Rachel Wetzler in The Baffler:
SATIRES OF THE ART WORLD written by incredulous outsiders are often damned before they begin: there’s virtually no absurdist caricature a screenwriter could invent that could suitably exaggerate its pretentiousness or barely concealed venality—these character flaws are played out daily in earnest. In 2015, a mentally ill attendee at Art Basel Miami Beach stabbed another visitor with an X-Acto knife; it took onlookers a few minutes to realize that the blood was real. At the ARCO Madrid art fair in 2007, members of the more-or-less uncategorizable art organization e-flux—under the heading unitednationsplaza—gathered an international gang of artists, curators, and critics to participate in a self-flagellating mock trial whose charges included colluding with the “new” bourgeoisie. The artist Santiago Sierra has, on several occasions, paid drug addicts and sex workers to tattoo black lines across their backs; Damien Hirst sold a skull encrusted with fourteen million British pounds’ worth of diamonds for fifty million pounds to a consortium of buyers that included himself; Tracey Emin transplanted her unmade bed into the Tate Modern. Art-world satire, in other words, tends to feel ham-fisted because it’s all such low-hanging fruit: it doesn’t take much effort to make contemporary art sound dumb—it’s already dumb, and no inflection is needed.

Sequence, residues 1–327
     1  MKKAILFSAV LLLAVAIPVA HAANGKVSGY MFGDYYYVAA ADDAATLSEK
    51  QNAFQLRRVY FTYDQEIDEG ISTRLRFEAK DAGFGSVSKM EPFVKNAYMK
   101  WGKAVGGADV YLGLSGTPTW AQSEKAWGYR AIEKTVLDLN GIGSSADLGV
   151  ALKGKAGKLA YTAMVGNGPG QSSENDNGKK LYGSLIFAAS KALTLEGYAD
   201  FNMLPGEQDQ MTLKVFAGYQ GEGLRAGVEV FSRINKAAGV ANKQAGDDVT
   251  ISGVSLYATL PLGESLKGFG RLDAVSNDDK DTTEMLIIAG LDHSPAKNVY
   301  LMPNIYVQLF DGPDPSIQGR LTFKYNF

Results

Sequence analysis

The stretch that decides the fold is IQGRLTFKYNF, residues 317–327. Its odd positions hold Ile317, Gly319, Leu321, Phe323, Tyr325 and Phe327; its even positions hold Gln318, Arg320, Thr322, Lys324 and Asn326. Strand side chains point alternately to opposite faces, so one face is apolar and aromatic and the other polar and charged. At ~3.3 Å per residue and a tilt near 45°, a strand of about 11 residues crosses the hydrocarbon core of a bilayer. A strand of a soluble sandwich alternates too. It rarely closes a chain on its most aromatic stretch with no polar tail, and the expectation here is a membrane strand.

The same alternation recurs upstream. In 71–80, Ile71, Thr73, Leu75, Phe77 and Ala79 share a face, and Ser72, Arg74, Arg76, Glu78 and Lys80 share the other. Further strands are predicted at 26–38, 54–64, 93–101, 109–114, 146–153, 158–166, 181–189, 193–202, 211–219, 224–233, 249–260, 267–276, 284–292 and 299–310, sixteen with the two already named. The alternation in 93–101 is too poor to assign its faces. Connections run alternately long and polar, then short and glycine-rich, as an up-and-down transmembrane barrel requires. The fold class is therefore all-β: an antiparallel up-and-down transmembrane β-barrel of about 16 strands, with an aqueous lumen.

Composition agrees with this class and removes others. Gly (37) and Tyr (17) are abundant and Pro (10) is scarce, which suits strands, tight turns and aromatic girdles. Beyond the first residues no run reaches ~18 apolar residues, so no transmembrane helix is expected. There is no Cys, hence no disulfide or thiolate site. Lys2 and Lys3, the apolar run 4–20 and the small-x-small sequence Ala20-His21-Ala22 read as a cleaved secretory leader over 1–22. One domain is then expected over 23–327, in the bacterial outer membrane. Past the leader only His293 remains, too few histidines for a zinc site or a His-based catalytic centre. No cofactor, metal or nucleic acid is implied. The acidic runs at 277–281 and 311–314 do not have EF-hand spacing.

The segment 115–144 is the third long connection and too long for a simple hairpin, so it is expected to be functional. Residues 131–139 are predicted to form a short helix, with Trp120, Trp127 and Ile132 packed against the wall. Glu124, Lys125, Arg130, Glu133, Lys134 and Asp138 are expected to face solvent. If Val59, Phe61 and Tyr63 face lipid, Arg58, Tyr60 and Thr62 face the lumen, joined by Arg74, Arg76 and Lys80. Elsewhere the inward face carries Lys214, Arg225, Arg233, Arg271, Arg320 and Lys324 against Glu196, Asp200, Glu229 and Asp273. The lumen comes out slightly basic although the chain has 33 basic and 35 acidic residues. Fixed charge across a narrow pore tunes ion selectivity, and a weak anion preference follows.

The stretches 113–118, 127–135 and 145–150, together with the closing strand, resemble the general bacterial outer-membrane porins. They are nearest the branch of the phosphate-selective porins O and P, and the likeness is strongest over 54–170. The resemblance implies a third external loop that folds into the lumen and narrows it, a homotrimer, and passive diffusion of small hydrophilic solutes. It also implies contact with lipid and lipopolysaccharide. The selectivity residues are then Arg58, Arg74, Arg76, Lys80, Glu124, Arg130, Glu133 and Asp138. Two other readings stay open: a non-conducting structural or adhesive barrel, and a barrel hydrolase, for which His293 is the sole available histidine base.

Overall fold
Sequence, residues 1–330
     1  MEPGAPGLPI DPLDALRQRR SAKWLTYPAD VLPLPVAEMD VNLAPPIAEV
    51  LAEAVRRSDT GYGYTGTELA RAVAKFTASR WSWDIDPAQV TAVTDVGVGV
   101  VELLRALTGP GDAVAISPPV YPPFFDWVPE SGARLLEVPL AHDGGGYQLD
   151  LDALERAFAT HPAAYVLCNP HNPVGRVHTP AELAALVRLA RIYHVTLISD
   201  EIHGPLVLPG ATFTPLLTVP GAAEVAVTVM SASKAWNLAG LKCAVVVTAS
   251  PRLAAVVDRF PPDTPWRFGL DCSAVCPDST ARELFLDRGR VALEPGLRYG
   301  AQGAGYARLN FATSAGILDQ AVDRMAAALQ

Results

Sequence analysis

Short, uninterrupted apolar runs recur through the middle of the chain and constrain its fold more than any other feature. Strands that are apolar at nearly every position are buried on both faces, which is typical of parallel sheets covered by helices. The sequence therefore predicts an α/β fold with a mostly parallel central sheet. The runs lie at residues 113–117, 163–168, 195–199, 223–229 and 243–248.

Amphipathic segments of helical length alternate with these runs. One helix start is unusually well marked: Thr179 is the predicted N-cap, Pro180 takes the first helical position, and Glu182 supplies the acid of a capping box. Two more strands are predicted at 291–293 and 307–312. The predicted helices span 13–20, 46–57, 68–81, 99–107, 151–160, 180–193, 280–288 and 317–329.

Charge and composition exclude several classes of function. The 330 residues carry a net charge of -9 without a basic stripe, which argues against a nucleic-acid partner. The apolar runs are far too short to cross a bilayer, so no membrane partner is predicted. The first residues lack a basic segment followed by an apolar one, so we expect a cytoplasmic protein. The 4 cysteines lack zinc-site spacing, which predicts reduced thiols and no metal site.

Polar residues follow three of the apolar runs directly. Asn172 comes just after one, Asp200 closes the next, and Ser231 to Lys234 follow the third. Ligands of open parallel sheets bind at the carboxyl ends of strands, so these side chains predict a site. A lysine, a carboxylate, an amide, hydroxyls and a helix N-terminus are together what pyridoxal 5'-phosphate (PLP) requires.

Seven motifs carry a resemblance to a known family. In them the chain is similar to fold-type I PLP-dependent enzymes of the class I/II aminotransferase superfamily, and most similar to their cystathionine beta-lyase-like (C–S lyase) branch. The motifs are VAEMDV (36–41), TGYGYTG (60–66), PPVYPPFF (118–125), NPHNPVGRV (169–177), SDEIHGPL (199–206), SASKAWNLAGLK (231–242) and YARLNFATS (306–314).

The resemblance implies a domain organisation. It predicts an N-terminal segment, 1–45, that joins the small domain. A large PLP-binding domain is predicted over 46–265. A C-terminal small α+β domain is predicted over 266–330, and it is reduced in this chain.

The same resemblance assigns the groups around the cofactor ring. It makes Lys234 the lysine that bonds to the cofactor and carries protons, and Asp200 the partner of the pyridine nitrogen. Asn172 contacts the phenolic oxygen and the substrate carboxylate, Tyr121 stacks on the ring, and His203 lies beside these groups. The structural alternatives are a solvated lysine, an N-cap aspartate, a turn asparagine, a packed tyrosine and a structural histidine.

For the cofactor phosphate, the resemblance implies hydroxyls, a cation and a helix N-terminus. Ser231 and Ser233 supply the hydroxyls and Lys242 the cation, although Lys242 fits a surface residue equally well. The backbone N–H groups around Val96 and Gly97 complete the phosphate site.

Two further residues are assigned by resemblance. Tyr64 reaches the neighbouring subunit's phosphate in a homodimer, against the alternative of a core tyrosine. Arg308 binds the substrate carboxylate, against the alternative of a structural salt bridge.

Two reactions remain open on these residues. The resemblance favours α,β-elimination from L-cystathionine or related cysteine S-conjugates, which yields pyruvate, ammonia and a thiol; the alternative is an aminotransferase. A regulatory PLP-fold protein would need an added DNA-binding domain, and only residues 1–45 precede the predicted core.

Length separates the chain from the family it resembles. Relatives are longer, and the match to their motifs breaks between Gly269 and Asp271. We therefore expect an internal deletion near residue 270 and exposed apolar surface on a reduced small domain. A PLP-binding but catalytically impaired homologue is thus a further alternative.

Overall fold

The newest entry into the canon of bad art-world satires is director Dan Gilroy’s Velvet Buzzsaw, which premiered on Netflix last weekend. All the familiar grotesques are here: greedy gallerists, ruthlessly ambitious assistants, tax-dodging collectors, a critic so accustomed to churning out self-serving aesthetic pronouncements that he can’t help but bitchily opine about a dead colleague’s casket. There are also architectural black outfits, Tom Ford eyeglasses, and capital-h Haircuts marching through sterile white galleries and pristine midcentury houses; people airkiss, backstab, and mistake a pile of trash on the floor for a revolutionary new artwork.
But Gilroy adds a genre twist: in Velvet Buzzsaw, the art bites back, taking supernatural revenge on those who would debase it for profit.